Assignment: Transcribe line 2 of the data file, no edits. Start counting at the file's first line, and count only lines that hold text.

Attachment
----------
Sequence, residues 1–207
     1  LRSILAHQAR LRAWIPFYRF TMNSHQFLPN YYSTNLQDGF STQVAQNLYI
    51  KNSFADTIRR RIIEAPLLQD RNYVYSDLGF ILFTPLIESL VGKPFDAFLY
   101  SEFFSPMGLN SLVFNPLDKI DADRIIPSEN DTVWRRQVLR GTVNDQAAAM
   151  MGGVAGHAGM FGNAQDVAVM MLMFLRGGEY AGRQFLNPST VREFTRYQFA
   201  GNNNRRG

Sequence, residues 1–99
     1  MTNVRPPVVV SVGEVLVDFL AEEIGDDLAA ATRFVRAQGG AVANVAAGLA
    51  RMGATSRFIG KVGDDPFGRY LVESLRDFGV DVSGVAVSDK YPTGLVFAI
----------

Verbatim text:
     1  LRSILAHQAR LRAWIPFYRF TMNSHQFLPN YYSTNLQDGF STQVAQNLYI